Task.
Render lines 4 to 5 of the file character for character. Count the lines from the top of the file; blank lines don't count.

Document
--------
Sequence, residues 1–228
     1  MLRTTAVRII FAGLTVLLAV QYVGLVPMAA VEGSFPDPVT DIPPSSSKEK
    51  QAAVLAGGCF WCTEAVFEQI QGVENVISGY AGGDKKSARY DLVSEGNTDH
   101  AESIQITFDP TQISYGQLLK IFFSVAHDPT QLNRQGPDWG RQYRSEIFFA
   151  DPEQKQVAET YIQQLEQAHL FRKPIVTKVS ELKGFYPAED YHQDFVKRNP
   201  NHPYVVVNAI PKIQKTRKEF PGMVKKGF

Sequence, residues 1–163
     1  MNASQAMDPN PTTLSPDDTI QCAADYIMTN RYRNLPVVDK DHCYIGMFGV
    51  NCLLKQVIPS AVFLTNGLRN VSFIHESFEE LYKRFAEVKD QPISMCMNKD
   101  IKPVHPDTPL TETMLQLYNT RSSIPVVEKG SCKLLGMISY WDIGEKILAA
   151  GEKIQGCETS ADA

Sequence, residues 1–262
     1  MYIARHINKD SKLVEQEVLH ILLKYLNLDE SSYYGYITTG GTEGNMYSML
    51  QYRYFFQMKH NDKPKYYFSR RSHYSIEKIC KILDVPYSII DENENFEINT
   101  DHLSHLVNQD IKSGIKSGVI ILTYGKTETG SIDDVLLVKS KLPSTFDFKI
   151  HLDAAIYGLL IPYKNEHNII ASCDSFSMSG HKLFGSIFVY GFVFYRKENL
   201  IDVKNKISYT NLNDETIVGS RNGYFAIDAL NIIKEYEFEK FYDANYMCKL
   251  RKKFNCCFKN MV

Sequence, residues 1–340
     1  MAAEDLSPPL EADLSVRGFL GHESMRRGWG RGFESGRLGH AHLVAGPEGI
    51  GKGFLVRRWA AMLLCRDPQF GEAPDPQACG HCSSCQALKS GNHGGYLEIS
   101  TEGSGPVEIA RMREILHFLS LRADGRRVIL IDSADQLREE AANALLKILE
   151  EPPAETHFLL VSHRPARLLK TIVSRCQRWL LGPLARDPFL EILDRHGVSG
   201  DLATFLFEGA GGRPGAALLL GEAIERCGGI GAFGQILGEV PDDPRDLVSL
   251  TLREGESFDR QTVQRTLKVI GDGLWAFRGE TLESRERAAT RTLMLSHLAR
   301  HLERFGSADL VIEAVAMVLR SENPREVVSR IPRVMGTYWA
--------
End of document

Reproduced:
   101  AESIQITFDP TQISYGQLLK IFFSVAHDPT QLNRQGPDWG RQYRSEIFFA
   151  DPEQKQVAET YIQQLEQAHL FRKPIVTKVS ELKGFYPAED YHQDFVKRNP